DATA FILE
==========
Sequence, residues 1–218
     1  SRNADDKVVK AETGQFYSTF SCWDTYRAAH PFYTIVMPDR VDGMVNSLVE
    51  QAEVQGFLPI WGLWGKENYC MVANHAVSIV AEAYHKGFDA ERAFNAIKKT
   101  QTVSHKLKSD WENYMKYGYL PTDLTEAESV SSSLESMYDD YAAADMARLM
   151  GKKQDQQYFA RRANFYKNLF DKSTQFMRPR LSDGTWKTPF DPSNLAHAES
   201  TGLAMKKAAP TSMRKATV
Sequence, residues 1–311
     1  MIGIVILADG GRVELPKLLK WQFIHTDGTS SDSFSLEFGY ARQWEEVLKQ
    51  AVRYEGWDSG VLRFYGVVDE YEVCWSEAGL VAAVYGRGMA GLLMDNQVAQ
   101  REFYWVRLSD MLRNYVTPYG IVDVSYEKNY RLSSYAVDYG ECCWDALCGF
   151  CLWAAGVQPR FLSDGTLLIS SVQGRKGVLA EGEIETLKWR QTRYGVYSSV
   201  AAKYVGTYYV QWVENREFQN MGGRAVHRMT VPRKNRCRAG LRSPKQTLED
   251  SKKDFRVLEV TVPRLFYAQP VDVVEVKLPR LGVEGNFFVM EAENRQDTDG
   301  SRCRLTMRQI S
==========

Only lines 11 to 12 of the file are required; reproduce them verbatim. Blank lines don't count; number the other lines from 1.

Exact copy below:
   151  CLWAAGVQPR FLSDGTLLIS SVQGRKGVLA EGEIETLKWR QTRYGVYSSV
   201  AAKYVGTYYV QWVENREFQN MGGRAVHRMT VPRKNRCRAG LRSPKQTLED